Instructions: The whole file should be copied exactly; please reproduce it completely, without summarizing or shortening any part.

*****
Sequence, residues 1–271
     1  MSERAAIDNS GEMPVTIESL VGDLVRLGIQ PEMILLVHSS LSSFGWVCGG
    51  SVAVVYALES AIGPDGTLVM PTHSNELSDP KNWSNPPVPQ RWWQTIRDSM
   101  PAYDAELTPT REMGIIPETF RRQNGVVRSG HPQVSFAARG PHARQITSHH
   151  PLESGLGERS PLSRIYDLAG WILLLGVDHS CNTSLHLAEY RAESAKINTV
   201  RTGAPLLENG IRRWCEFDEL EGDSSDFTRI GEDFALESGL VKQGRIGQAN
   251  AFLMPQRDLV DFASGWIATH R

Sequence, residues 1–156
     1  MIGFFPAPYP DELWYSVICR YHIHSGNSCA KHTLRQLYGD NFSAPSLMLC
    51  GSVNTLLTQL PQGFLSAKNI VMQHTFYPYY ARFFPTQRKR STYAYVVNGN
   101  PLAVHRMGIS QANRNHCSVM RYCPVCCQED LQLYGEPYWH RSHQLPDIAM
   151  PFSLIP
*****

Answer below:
Sequence, residues 1–271
     1  MSERAAIDNS GEMPVTIESL VGDLVRLGIQ PEMILLVHSS LSSFGWVCGG
    51  SVAVVYALES AIGPDGTLVM PTHSNELSDP KNWSNPPVPQ RWWQTIRDSM
   101  PAYDAELTPT REMGIIPETF RRQNGVVRSG HPQVSFAARG PHARQITSHH
   151  PLESGLGERS PLSRIYDLAG WILLLGVDHS CNTSLHLAEY RAESAKINTV
   201  RTGAPLLENG IRRWCEFDEL EGDSSDFTRI GEDFALESGL VKQGRIGQAN
   251  AFLMPQRDLV DFASGWIATH R

Sequence, residues 1–156
     1  MIGFFPAPYP DELWYSVICR YHIHSGNSCA KHTLRQLYGD NFSAPSLMLC
    51  GSVNTLLTQL PQGFLSAKNI VMQHTFYPYY ARFFPTQRKR STYAYVVNGN
   101  PLAVHRMGIS QANRNHCSVM RYCPVCCQED LQLYGEPYWH RSHQLPDIAM
   151  PFSLIP